Green Power Purchasing Frequently Asked Questions (FAQ)
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What is a “green power purchase”?

Short answer

Frustratingly, from the perspective of an end-use consumer on an electricity distribution grid, there is no accepted definition. A muddled miscellany of financial and contractual arrangements is commonly referred to as “buying green power,” most of which have little bearing on the origins of the electrical energy a buyer physically consumes. This reality presents challenges for representing “green power purchases” in a company’s GHG emissions reporting.

Long explanation

In the context of end-use consumers on a utility electricity distribution grid (versus from the perspective of an electric company acting as a Load Serving Entity), the answer here is ambiguous, as the grid is inherently directing and distributing a pool of electrical power. The fact that there is no empirically supported definition should give us pause and raise suspicion regarding green power purchasing and ownership claims. Several widely different types of financial and contractual arrangements are used to make the same sort of renewable energy (electricity) purchasing claims. Except in rare circumstances[1], none of these arrangements or transactions entail the physical and exclusive delivery of electrical energy from a renewable energy generator to a single organization’s facilities to power their loads. Yet, as an example, RE100 (2016) defines: “RE usage claims are claims by a specific grid customer or group of customers to be receiving or consuming RE, and/or claims by a supplier or distributor to be delivering or supplying RE to a specific grid customer or group of customers.” As a factual matter, electrical energy injected into a transmission and distribution grid by a renewable energy generator becomes part of an undifferentiated pool of electrical potential (not electrons) that all loads on the grid then draw upon in an undifferentiated and undifferentiable manner. So, any purchase and ownership claims have instead been conducted through financial and accounting abstractions (e.g., “renewable attributes”) that are cited in contractual instruments such as Renewable Energy Certificates (RECs), Guarantees of Origin (GOs), Power Purchase Agreements (PPAs), as well as a range of electric company-sponsored green power pricing and tariffs. The question, therefore, shifts to: what are these contractual instruments and what does it mean to “purchase” an “attribute”?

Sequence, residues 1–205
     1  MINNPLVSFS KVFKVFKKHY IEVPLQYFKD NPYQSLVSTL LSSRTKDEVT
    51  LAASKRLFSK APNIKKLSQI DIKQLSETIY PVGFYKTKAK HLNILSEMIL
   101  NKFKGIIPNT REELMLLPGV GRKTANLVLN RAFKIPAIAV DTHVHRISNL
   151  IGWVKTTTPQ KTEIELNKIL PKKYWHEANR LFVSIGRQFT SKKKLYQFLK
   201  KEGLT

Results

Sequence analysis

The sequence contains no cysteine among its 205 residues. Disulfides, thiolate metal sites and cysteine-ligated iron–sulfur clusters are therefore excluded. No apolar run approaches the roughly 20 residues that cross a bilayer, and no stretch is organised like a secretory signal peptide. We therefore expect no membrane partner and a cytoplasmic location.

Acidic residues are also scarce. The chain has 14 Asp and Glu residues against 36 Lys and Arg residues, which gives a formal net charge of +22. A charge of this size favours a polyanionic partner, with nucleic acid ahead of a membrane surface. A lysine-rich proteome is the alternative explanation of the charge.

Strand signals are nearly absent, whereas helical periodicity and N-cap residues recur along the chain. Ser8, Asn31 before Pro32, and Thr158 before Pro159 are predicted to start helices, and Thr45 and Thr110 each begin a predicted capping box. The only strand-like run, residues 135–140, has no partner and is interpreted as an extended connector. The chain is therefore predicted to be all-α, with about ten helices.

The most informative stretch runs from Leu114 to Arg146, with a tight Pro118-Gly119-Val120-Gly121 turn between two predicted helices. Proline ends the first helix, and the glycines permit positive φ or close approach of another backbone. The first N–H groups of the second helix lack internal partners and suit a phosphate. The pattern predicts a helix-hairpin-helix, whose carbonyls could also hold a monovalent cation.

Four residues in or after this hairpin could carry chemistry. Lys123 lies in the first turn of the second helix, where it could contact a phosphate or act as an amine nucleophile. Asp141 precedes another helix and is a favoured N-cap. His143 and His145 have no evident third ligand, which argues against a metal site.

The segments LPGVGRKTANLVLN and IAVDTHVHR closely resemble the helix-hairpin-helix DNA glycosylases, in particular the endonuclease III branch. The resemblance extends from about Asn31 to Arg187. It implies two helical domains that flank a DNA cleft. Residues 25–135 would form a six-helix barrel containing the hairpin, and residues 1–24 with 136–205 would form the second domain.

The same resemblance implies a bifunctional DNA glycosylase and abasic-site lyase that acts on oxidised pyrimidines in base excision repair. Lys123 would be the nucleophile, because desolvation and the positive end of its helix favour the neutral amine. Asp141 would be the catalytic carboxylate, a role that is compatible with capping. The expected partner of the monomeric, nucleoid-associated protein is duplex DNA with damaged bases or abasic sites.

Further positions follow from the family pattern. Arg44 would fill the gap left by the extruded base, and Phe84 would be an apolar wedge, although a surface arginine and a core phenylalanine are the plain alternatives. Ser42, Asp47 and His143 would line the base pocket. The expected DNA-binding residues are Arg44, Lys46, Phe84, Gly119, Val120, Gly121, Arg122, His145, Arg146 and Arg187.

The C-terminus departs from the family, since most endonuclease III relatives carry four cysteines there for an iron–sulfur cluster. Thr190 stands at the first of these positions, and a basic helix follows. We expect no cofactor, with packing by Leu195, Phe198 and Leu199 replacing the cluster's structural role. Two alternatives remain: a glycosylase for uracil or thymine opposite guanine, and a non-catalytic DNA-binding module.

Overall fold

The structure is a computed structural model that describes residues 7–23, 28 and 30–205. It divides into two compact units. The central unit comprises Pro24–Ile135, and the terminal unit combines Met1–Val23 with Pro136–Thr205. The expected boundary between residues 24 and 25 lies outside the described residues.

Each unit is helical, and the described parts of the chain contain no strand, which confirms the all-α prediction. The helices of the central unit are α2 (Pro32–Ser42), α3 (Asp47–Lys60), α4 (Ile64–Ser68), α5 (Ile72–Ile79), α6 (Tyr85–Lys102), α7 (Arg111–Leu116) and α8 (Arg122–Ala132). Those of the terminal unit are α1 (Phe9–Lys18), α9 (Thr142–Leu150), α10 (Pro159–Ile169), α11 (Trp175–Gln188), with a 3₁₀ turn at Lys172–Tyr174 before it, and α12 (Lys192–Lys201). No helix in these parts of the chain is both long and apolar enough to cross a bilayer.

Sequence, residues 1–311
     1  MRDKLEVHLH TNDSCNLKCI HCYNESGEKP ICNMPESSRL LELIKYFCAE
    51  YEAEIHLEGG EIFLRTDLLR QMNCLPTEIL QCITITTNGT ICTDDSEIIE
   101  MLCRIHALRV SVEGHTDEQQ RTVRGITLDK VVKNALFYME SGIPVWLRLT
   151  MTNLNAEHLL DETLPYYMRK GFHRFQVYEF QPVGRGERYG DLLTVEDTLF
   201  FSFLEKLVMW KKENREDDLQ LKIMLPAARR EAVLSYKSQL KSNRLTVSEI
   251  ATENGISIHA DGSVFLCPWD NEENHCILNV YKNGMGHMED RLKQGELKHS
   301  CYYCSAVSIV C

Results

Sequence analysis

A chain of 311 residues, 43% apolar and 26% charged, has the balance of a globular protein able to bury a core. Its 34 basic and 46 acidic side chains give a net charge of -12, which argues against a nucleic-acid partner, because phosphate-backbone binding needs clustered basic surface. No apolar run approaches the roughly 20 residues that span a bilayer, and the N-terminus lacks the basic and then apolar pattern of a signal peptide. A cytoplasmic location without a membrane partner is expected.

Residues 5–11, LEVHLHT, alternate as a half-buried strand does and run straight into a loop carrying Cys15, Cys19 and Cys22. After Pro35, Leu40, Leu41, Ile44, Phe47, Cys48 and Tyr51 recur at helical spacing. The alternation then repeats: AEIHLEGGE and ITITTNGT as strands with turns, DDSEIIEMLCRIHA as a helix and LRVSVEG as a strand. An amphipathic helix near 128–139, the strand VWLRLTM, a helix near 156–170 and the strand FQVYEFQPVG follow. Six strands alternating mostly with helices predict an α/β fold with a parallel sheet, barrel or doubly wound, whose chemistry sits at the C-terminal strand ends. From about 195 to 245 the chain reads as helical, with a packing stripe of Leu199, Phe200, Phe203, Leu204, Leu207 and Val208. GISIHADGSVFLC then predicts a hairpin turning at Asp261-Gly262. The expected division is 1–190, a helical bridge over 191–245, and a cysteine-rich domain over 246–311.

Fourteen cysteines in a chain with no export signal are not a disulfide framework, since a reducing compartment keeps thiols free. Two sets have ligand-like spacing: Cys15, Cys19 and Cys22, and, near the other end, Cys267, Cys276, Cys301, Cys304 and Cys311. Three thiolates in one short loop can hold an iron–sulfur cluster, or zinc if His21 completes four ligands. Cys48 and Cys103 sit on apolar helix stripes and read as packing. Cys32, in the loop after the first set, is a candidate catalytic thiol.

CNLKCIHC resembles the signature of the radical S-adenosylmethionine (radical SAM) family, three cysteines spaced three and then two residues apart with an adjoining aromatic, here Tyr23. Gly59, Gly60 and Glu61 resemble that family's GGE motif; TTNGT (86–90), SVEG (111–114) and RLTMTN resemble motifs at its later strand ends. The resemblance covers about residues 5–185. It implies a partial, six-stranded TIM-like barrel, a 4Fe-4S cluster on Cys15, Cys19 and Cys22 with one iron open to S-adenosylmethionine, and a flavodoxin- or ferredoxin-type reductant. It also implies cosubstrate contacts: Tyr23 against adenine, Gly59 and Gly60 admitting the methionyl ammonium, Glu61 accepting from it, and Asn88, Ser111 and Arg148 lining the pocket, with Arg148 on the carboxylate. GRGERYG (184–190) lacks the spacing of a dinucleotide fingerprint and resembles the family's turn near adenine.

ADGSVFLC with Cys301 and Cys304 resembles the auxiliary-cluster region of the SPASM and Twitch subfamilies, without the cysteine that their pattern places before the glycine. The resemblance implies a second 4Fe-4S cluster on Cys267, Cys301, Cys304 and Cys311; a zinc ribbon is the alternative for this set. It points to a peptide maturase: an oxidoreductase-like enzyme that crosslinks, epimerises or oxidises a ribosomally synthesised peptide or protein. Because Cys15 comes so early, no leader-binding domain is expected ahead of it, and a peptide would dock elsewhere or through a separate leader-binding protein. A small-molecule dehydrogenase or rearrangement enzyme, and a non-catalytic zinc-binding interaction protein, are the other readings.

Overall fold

[1] For example, in a case where a direct transmission line is installed from a renewable generation source, such as a hydroelectric facility, to a single production plant (e.g., an aluminum production plant).